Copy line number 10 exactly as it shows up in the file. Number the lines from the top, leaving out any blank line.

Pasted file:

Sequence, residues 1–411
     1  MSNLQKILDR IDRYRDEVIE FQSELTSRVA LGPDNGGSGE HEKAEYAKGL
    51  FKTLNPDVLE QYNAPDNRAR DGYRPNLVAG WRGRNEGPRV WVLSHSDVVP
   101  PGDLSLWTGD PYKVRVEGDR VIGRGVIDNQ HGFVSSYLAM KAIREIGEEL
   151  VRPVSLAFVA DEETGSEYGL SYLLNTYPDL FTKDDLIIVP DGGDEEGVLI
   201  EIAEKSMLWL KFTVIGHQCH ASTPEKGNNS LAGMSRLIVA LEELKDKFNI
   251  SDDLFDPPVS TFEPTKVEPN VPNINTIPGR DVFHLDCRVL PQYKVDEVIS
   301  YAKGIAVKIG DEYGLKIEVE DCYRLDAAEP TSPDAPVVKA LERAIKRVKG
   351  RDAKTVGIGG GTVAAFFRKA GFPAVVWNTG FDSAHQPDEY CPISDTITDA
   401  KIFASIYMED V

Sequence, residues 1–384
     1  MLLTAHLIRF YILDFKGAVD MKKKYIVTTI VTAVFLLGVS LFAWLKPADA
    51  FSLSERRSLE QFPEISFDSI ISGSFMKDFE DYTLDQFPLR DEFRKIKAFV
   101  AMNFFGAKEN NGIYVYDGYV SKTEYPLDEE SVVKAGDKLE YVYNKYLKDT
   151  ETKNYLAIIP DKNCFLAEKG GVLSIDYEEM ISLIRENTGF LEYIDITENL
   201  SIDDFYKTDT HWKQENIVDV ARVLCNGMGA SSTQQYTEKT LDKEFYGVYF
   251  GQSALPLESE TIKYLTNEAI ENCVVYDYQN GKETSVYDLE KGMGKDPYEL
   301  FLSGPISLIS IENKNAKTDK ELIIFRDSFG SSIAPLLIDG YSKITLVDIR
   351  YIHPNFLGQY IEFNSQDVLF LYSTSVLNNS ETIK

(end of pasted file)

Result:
   401  KIFASIYMED V